Is the War in Ukraine Mutating?

Regime Change in Russia could be a Bitter Pill for NATO

3 mins read
A fire at the Kerch Bridge in Crimea last year. [Vera Katkova/Anadolu Agency/Getty]

No matter what pronunciamentos may come from Washington, the Russian government is expecting greater attacks on Russian territory, especially Moscow and maybe Russian ports, to try and destabilize the Putin government.  The Pentagon says that no US weapons will be used against Russian territory, but this is an outright lie.  US drones and cruise missiles such as Himars, plus cluster munitions supplied by the United States, are daily used by Ukraine targeting Russian territory.  So, too, is the British-French Storm Shadow (SCALP-EG).  Both the British and French heavy precision cruise missiles are made by MBDA (a Consortium of French, British and Italian companies).

Nor can the US properly explain what a Global Hawk is doing spying on Russian territory, presumably to help Ukraine target Russian assets, both military and civilian.

The US also openly admits that it planned and supplied Ukraine with the semi-submersible kamikaze drones used against the Kerch Strait bridge which connects Crimea to Russia, making it an attack on Russia.

Such operations are not lost on Moscow that openly believes that it is at war with NATO led by the United States.

Thus, no matter what is said by the Pentagon or by Washington more broadly, the Biden administration is skirting close to the edge of a wider war in Europe.

Increasingly the chance for a settlement of the war in Ukraine is not only elusive, but increasingly irrelevant if Washington’s war aims are what they appear to be.

Sooner or later, probably sooner, Russia will decide either that the war in Ukraine is a fruitless pursuit and give it up, or decide to go after the war’s backers and suppliers.  If Russia walks away, the Russian government will fall.  If Russia stays in it, the hard line nationalist faction will gain a big victory and demand that Russia expand the war.  At that point, either Putin will have to reformulate his government to reflect the changes, or decide not to stand for election in 2024. 

If Putin steps down there are a number of candidates to replace him either from the security services or from the military. The most likely winners would come from the hard nationalist right, not from the enfeebled left.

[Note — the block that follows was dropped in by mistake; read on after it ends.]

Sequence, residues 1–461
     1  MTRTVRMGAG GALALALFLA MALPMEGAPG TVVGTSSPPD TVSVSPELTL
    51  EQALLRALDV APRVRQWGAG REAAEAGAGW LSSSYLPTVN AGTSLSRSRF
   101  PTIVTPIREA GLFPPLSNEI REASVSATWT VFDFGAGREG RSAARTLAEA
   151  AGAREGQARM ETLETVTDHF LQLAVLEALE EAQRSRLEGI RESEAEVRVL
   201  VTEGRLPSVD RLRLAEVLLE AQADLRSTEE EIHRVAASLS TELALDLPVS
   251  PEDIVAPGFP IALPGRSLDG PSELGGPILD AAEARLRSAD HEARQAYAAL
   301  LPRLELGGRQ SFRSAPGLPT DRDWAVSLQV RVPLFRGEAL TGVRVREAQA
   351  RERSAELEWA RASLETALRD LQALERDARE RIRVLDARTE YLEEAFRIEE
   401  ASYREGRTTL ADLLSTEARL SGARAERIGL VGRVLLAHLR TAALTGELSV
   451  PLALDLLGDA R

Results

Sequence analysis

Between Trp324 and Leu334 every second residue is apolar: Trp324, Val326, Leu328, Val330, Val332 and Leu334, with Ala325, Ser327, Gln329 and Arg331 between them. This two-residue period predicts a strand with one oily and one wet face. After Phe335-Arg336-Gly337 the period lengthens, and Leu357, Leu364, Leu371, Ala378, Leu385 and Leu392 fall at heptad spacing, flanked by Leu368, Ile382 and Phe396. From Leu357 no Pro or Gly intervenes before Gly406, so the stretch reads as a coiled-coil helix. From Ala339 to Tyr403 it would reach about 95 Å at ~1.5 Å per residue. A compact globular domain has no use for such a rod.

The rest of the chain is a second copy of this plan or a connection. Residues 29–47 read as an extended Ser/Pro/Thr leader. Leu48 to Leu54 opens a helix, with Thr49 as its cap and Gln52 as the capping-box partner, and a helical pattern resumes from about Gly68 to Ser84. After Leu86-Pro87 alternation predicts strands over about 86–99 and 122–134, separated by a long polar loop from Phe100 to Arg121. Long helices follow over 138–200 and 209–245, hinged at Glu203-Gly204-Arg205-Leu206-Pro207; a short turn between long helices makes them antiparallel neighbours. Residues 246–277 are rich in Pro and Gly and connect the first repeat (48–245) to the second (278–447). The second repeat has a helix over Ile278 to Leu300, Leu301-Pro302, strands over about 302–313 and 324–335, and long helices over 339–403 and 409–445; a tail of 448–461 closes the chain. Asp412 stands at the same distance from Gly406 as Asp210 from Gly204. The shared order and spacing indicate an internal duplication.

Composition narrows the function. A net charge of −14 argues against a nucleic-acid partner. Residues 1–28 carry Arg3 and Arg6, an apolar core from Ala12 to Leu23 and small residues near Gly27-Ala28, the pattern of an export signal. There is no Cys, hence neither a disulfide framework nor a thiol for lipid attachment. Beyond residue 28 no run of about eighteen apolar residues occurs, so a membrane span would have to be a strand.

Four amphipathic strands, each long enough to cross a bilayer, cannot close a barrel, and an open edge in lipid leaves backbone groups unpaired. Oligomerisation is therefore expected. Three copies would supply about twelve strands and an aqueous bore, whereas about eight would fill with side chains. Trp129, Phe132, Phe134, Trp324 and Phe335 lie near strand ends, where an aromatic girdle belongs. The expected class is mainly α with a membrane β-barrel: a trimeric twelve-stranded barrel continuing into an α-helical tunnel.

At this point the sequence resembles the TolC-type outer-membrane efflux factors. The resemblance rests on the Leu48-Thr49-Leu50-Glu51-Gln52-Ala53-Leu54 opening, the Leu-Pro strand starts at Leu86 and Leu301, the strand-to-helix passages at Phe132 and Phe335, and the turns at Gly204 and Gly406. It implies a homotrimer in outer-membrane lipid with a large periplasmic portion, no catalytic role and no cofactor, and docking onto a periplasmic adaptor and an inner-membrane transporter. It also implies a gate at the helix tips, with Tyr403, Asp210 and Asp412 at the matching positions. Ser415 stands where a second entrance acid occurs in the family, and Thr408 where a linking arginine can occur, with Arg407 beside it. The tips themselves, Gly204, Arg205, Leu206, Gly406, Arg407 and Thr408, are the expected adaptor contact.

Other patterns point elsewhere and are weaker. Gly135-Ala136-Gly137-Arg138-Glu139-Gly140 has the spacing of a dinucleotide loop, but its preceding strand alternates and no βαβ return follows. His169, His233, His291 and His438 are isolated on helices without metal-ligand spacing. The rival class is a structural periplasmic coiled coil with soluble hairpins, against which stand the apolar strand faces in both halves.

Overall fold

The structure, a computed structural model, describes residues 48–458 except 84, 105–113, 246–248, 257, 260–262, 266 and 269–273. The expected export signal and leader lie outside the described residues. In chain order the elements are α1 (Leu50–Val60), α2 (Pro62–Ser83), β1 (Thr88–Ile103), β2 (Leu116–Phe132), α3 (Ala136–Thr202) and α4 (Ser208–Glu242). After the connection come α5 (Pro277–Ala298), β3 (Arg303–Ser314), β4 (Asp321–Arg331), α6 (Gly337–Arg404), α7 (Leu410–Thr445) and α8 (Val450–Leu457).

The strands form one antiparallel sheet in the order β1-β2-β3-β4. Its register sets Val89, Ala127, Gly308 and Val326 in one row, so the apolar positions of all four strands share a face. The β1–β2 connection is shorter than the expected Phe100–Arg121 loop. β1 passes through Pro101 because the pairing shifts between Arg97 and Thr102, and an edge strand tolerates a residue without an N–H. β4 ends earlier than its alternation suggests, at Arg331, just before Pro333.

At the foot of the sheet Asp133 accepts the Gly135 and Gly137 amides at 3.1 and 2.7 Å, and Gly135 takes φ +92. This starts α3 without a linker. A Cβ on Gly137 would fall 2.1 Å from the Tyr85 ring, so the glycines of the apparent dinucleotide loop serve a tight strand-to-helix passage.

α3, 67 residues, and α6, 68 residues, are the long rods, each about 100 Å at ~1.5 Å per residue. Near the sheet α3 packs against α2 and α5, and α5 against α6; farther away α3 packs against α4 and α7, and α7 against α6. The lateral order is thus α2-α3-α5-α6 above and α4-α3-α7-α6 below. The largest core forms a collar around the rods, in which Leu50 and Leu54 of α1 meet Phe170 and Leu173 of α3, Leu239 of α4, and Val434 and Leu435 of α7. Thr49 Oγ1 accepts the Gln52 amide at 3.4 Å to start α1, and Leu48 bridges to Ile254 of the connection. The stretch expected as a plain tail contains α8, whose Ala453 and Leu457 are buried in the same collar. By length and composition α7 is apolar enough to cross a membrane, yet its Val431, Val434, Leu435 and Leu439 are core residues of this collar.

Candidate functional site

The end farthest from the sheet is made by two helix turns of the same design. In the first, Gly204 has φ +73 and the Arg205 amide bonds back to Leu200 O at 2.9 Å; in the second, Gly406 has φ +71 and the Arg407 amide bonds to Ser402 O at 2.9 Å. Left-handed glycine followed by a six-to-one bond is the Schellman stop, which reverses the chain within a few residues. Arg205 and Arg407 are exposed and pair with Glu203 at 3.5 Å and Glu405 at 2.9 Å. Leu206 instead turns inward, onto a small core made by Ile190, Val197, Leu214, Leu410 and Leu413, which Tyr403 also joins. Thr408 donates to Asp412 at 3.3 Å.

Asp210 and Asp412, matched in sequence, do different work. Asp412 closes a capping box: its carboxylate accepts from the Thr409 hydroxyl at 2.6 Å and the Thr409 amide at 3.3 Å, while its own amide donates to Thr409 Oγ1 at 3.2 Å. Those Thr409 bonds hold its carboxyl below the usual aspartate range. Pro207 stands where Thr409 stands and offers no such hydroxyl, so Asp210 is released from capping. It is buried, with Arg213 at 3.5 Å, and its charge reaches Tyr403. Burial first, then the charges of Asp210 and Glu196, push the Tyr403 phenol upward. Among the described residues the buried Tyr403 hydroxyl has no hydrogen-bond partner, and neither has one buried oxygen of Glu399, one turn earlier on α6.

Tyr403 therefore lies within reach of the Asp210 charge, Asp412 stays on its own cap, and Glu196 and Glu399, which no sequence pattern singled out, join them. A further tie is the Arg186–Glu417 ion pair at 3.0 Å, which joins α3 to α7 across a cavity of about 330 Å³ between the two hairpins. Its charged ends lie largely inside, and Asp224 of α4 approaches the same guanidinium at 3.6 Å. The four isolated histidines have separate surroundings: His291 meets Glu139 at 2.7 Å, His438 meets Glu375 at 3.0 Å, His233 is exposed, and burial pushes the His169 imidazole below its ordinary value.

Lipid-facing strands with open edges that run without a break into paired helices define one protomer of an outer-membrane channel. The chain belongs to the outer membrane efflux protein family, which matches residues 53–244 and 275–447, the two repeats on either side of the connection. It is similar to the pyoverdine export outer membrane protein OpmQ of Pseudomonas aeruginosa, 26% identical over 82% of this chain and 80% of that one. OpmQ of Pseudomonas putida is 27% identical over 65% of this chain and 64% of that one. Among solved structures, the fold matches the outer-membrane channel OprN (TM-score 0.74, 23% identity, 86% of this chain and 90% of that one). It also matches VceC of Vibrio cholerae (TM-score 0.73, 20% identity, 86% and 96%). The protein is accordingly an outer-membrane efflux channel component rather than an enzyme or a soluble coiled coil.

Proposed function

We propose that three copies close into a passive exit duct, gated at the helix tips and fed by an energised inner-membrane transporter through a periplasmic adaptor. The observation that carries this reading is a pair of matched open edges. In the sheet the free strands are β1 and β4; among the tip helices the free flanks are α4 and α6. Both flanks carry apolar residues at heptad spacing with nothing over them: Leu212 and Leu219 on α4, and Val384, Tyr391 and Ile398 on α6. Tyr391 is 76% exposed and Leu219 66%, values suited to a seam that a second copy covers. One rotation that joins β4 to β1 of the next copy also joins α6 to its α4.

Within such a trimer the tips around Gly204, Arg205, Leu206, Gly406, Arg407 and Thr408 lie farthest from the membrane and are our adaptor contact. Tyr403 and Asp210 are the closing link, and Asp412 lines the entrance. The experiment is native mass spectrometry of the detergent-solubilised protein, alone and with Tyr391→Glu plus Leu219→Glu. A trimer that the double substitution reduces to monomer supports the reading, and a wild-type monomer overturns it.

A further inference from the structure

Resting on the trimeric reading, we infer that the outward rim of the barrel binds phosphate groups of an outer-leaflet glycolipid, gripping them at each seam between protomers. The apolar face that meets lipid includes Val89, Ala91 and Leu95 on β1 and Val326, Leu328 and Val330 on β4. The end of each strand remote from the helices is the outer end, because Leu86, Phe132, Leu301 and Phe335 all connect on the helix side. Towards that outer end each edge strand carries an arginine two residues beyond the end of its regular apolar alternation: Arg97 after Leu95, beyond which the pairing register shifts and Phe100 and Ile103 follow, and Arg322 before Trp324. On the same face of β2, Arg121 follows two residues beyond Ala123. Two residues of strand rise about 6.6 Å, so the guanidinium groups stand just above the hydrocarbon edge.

On August 5th and 6th Saudi Arabia is hosting a so-called peace conference on Ukraine and some 30 nations will attend, apparently Iran too.  But Russia was not invited.  That suggests that the peace conference is a propaganda show and not serious.

No one can say with any certainty how resilient Russia’s military is.  In the current Ukraine fighting both sides appear to be locked in continuous battles along in the  Donbas and the southern Zaphorize areas.  Judging from physical evidence, the Ukrainians have lost a lot of equipment and manpower. Defense Minister Shoighu claims that Ukraine lost 20,000 soldiers in July.

Russian losses are far harder to judge.  If Russia stays in the war, the question arises how long it will take to wear down the Ukrainians, who face manpower shortages.

From a warfront perspective, it appears Ukraine, helped directly by the United States and the UK, is hoping to make some breakthroughs and break open Russia’s first defensive line in the south, while also hoping to control the flanks around Bakhmut and, if Zelensky wins, take back Bakhmut.  Just this past week Zelensky showed up in Chasiv Yar, the first time he has been there since before Bakhmut fell.  Zelensky believes, thanks to the help he is getting from the US and UK, and freshly trained high quality brigades, he may be able to turn the trick.

What happens in Bakhmut could spell the end of the Ukraine war, either with a Ukrainian victory or a Russian win.

If Russia wins Ukraine may have to accept Russian terms for a settlement.  If Ukraine wins, Russia will be forced to pull some of its forces out of eastern Ukraine and could also face the loss of critical areas in the south, even Crimea.

Russia also has the option, a dangerous one, to expand the war outside of Ukrainian territory, for example in Poland or the Baltic States.  Putin has made it clear that he does not favor any war expansion, but does Putin have enough clout left in Russia as outside pressure on the regime ramps up, and as internal unhappiness with the war could tilt to a more aggressive Russia?

In the annual Navy Day extravaganza hosted in St. Petersburg, Putin in his address made no mention of the Ukraine war, even though Navy Day came the day after drones hit Moscow. Is Moscow in denial? In the parade of ships and submarines, this year no Russian nuclear submarines were on display: nor did Russian naval aviation appear unlike previous Navy Day exercises.

What is clear is that the war cannot stay undecided for much longer.  The US and NATO are gambling on regime change in Russia, but they may get exactly what they do not want.

Regime change in Russia could be a bitter pill for NATO.

Russia is gambling on prevailing in Ukraine, but it is a hard fight and dragging on for too long. 

Ukraine is hoping to punch through with some decisive wins and wants to throw the Russians out. 

The betting table is open.

Stephen Bryen

Stephen Bryen is a former Deputy Under Secretary of Defense and is a leading expert in security strategy and technology. Bryen writes for Asia Times, American Thinker, Epoch Times, Newsweek, Washington Times, the Jewish Policy Center and others.

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